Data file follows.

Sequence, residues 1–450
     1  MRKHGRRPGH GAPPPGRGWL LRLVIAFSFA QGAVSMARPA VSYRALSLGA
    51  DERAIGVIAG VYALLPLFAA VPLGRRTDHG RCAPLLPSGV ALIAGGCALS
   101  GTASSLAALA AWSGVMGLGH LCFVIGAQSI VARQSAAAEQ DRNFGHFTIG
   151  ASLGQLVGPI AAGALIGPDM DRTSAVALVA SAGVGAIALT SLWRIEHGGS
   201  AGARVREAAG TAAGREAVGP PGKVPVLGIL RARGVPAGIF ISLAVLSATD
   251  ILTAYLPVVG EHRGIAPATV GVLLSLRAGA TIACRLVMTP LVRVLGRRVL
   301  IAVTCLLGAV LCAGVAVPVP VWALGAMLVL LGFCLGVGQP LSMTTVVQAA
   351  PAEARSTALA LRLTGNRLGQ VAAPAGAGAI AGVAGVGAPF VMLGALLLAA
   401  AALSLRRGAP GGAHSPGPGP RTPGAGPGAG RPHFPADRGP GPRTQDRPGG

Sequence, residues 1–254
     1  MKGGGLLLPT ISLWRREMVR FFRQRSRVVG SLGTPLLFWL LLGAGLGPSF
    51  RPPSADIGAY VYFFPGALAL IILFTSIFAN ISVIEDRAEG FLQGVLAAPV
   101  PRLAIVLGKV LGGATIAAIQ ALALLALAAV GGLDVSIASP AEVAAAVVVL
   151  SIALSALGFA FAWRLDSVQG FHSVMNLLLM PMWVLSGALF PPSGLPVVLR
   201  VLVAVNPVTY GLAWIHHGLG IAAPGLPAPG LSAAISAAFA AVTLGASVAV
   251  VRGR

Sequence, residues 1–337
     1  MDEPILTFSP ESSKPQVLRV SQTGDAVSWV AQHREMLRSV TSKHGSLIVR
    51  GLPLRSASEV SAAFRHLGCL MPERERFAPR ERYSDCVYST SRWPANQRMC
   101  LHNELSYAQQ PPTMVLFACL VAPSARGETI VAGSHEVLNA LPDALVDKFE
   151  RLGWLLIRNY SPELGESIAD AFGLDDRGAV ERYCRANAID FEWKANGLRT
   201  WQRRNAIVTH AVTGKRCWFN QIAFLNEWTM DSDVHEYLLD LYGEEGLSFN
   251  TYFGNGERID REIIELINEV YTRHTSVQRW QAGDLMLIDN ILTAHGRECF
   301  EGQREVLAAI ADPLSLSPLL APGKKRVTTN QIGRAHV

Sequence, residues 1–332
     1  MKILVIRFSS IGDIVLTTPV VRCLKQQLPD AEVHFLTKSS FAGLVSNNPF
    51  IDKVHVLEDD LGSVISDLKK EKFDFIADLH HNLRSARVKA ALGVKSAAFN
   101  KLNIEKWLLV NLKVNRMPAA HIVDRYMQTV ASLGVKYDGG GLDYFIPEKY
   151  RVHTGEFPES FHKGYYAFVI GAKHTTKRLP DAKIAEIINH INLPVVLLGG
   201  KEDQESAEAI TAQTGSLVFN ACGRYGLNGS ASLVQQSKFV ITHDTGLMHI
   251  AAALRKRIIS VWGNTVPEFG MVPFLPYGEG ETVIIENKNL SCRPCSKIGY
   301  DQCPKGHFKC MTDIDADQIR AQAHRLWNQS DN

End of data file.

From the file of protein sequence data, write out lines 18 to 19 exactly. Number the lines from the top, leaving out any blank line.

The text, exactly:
Sequence, residues 1–337
     1  MDEPILTFSP ESSKPQVLRV SQTGDAVSWV AQHREMLRSV TSKHGSLIVR